Research for the BBC has estimated the loss to the UK in private and social value in not making high-definition channels on the Freeview platform at between £4.1bn and £15.6bn. Consultant Indepen said the loss included the cost to viewers in switching to other platforms to get HD as well as the impact of reduced audiences for public service content.
The estimate is contained in the BBC's response to Ofcom's consultation on its Digital Dividend Review, which proposes that all the spectrum liberated by digital switchover should be auctioned in 2008. The BBC, a member of the HD for All alliance of public service broadcasters, consumer electronics manufacturers and retailers campaigning for some spectrum to be set aside for HD channels on Freeview, said consumers were buying equipment in order to receive HD services.
"To ensure its long-term future viability and to enable it to compete with other platforms, Freeview must be able to offer a critical mass of HD services," said the BBC. Additional capacity would be required to offer HD channels alongside the current Freeview line-up, but there was "no business model for free-to-air HD on DTT at this stage that could enable free-to-air broadcasters to sustain likely auction prices".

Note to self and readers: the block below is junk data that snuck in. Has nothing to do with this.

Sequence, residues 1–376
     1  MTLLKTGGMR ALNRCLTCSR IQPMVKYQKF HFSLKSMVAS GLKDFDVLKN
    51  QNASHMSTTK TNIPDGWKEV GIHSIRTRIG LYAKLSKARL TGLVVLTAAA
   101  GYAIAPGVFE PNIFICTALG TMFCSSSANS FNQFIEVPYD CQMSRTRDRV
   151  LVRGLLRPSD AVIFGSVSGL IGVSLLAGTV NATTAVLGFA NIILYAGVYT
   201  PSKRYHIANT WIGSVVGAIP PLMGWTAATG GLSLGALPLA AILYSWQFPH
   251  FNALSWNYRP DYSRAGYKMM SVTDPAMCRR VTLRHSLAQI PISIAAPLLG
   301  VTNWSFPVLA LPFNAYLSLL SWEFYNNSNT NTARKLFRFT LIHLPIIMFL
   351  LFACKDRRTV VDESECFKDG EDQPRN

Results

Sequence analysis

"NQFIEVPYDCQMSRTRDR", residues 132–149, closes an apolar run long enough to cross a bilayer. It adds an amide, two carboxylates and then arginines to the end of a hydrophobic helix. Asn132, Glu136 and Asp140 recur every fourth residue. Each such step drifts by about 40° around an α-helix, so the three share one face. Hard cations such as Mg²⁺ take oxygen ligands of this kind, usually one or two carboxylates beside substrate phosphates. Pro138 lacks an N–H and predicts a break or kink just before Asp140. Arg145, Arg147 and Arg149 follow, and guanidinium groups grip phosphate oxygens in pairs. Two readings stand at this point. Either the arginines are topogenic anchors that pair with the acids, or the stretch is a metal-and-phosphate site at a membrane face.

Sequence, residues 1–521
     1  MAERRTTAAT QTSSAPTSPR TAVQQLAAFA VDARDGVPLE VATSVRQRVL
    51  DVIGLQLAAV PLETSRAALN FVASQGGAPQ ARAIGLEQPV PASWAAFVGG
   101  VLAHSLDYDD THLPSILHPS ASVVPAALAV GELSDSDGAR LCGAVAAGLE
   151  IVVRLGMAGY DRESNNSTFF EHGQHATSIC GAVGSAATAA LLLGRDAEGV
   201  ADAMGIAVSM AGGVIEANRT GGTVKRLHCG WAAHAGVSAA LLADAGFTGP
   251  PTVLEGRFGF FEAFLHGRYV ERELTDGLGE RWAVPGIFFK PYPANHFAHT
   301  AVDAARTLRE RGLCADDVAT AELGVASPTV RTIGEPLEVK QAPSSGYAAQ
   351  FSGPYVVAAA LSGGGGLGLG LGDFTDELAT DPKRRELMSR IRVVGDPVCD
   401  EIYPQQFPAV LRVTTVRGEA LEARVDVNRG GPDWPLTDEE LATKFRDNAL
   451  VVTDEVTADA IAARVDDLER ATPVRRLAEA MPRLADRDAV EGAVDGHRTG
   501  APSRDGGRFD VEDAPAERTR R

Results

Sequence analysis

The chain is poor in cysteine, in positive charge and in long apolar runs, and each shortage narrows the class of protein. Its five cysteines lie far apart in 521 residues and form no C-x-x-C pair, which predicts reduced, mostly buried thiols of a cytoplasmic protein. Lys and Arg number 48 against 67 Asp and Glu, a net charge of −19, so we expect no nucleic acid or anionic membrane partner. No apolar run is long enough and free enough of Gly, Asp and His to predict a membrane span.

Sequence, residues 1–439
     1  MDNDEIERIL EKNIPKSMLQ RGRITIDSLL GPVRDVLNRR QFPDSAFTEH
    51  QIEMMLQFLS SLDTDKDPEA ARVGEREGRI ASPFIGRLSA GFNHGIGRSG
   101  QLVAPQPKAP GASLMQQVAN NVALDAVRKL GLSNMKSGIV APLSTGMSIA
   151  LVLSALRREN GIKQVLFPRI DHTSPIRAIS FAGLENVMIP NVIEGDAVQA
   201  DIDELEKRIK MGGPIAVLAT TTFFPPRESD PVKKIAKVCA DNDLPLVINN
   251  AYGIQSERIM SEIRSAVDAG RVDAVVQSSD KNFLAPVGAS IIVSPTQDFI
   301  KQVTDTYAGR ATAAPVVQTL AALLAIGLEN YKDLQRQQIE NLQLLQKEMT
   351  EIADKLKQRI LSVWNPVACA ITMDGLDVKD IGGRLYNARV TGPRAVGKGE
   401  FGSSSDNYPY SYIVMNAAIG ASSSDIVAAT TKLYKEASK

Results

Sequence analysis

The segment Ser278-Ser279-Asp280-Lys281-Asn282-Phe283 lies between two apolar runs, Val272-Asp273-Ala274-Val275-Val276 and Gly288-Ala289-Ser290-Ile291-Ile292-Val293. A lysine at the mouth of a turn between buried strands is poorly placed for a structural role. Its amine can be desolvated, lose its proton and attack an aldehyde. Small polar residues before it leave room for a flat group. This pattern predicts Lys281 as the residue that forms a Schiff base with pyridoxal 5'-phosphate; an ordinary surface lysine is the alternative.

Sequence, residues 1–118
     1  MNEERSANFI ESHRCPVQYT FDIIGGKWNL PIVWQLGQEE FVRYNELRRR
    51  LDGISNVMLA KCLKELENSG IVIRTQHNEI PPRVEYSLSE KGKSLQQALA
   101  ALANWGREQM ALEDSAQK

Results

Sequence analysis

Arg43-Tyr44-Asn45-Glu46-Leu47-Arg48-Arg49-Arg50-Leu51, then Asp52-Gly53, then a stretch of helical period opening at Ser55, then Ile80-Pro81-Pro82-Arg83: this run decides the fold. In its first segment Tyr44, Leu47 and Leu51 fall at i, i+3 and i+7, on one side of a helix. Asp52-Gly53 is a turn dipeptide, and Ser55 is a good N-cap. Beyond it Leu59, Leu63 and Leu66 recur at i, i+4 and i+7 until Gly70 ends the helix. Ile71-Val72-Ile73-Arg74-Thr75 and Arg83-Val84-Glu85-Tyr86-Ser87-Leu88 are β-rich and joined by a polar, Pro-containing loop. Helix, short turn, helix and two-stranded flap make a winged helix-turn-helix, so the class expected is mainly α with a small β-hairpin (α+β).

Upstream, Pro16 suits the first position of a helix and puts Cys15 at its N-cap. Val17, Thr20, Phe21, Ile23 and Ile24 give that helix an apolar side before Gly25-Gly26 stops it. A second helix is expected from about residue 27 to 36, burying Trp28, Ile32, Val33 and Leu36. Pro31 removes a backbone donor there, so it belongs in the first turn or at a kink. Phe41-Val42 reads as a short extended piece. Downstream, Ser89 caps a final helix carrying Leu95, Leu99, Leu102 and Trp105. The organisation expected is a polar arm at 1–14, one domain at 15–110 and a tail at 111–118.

The BBC submission says a minimum of one third of the liberated spectrum should be allocated to the BBC, ITV, Channel 4 and Five to "enable them to launch a strong free-to-air offer: at least one DTT multiplex with universal coverage providing three HD channels". BBC director general Mark Thompson said: "If pure market mechanisms are applied to the whole Digital Dividend, our fear is that it will jeopardise the success of universal access to high quality public service broadcasting, free-to-air on all main platforms and also lead to an erosion of the digital terrestrial platform and its ability to compete."
Lovelace Consulting | 21.03.2007